Oil spill devastates South Korea’s west coast

Local residents dump dense crude oil retrieved from a beach into a big jar in Mallipo, South Korea, Sunday. The oil slick, which resulted from an accident between a barge and a supertanker Friday, began hitting the shore early Saturday, coming in waves of Bak Sung-ryul, The Associated Press

AP

Local residents dump dense crude oil retrieved from a beach into a big jar in Mallipo, South Korea, Sunday. The oil slick, which resulted from an accident between a barge and a supertanker Friday, began hitting the shore early Saturday, coming in waves of Bak Sung-ryul, The Associated Press

By The Associated Press

MALLIPO BEACH, South Korea – Thousands of people mobilized by South Korea’s Coast Guard used shovels and buckets Sunday to clean up a disastrous oil spill polluting a swathe of the country’s scenic and environmentally rich western coast.

About 100 ships, including Coast Guard, navy and private fishing boats, were also to help contain and clean up South Korea’s worst spill, said Coast Guard official Kim Young-hwan.

At total of 7,500 police, military, civil servants and volunteers struggled to remove the oil, some battling headaches, dizziness and nausea.

The oil started hitting beaches Saturday, a day after a Hong Kong-registered supertanker was slammed by a South Korean-owned barge that came unmoored from its tugboat in rough seas about seven miles off Mallipo, one of South Korea’s best-known beaches. The area also includes a national maritime park.

On Saturday, tides of dark sea water crashed ashore at Mallipo beach, while the odor reached areas a half-mile away.

Kim Sun-seon, who works for an ocean clean-up business on South Korea’s southeast coast, wore rubber gloves and a mask to cope with the strong smell.

“We don’t know when we can finish this work,” she said. “We have been shoveling oil since yesterday but the waves just keep bringing more oil. I feel dizzy.”

Nearly 2.8 million gallons of crude gushed into the ocean, more than twice as much as in South Korea’s worst previous spill in 1995.

Thick, smelly waves of crude washed ashore, turning seagulls black and threatening fish farms along an 11-mile stretch of coast, defying efforts to contain it by dropping oil fences into the ocean and using chemicals to break it up. Mats were placed on the beach to absorb the oil.

The Coast Guard said the last of three leaks in the tanker had been plugged Sunday morning.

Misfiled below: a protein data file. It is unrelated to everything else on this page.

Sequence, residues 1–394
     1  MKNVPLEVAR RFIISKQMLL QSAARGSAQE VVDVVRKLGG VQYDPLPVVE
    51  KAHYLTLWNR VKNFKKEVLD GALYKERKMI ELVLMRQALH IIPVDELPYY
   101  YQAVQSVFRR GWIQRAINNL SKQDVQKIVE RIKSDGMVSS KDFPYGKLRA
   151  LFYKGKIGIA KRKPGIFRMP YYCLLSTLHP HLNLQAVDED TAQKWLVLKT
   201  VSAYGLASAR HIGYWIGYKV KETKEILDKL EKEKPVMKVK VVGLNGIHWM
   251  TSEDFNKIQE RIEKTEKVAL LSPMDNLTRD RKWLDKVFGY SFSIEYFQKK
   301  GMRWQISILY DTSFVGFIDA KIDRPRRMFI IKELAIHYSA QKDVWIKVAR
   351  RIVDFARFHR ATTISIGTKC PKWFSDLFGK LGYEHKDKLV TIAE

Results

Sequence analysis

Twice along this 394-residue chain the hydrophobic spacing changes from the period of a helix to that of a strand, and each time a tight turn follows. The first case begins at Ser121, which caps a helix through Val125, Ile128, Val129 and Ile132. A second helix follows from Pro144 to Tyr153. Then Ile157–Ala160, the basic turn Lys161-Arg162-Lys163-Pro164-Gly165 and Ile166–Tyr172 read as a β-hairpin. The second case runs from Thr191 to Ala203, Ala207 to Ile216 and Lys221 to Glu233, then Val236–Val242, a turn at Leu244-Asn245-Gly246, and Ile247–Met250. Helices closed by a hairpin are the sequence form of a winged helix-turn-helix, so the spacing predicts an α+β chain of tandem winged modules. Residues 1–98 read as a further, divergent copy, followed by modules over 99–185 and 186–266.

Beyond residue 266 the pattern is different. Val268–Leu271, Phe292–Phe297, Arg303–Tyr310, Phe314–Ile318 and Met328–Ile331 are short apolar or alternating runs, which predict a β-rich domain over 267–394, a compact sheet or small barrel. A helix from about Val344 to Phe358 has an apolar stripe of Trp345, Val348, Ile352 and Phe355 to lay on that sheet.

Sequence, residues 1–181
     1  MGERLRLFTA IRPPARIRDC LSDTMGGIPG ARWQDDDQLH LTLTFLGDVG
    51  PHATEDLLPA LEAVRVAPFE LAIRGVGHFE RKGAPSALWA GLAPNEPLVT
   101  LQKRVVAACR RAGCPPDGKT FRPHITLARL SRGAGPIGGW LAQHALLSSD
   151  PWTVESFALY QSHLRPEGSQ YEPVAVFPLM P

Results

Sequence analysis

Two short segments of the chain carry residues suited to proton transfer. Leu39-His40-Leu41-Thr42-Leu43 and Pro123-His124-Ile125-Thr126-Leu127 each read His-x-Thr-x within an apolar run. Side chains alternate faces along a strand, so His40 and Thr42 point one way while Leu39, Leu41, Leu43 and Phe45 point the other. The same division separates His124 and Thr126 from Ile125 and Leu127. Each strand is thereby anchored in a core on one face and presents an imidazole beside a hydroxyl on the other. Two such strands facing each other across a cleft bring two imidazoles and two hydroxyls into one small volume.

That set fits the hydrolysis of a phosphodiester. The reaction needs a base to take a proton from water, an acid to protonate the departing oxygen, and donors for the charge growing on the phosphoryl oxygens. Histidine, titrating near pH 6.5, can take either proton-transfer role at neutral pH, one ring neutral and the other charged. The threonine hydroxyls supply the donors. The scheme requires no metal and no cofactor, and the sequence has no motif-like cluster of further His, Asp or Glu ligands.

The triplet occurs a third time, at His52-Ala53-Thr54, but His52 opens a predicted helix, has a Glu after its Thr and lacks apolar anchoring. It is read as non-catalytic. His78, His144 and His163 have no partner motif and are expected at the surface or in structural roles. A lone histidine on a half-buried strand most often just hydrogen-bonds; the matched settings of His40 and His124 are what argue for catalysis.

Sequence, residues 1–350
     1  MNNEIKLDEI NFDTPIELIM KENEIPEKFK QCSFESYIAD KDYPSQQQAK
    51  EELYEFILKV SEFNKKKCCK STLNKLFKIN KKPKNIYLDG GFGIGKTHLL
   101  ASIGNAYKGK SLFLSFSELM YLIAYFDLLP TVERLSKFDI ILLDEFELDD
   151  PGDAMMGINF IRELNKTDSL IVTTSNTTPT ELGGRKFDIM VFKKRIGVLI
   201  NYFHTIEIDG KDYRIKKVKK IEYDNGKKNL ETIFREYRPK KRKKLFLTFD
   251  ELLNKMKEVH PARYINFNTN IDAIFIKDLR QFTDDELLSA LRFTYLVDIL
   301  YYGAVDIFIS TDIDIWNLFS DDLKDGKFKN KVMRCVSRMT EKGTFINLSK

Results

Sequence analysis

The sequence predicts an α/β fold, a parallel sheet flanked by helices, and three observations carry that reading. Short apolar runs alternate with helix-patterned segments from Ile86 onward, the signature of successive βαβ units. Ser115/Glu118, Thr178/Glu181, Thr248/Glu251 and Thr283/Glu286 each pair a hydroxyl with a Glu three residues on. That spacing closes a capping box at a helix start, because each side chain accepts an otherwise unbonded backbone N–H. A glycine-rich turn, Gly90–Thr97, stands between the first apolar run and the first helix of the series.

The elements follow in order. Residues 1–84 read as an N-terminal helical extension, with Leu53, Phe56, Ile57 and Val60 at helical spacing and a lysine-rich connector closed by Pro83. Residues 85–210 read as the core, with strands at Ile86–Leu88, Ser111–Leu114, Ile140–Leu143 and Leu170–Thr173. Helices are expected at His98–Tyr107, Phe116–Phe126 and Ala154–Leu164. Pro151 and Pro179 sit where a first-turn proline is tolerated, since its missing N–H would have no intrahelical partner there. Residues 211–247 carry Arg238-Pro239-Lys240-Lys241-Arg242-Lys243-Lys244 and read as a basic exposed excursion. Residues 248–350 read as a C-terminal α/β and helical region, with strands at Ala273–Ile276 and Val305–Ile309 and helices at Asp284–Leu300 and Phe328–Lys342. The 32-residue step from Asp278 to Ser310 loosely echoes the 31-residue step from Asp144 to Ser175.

Mallipo, an important stopover for migrating birds including snipe, mallards and great crested grebes, also has an abundant fishing industry.

Choi Kyung-hwan, a 58-year-old fisherman, came to the beach Sunday to help, but despaired for the area where he has lived for 30 years.

“Mallipo is finished,” he said.

Choi, wearing a thick winter coat, said the strong odor of oil had sickened his wife.

“But I came here because I have to do something,” he said. “I don’t know when we can finish. But we have to continue.”

Cho Yoo-soon, who runs a raw fish restaurant at Mallipo beach, 95 miles southwest of Seoul, said the situation was overwhelming. She said restaurants in the area were closing, and she could not pump fresh sea water into her tanks.

“Without fresh sea water, the fish will start going bad after a week,” she said.

The affected areas include 181 maritime farms that produce abalone, brown seaweed, laver, littleneck clams and sea cucumbers, said Lee Seung-yop, an official with the Taean county government, which includes the beach. Aquatic farmers in the area number about 4,000, he said.

“A lot of damage is feared to these farms, although we don’t have an estimate yet,” Lee said Saturday.

Local raw fish restaurants such as Lee Ok-hwa’s were suffering.

“I haven’t had any customers since news of the oil spill Friday,” said Lee, who had previously served 200 tourists and others a day.

The central government has designated the oil spill a “disaster,” which makes it easier for regional governments to mobilize personnel, equipment and material to cope with the situation. But it stopped short of declaring the region a “disaster area,” which would make residents eligible for government financial aid.

Last year, more than 20 million tourists visited the area, home to 63,800 people. The Coast Guard said it was unclear how many days the clean-up would take.

Associated Press writers Kwang-tae Kim and Jae-soon Chang in Seoul contributed to this report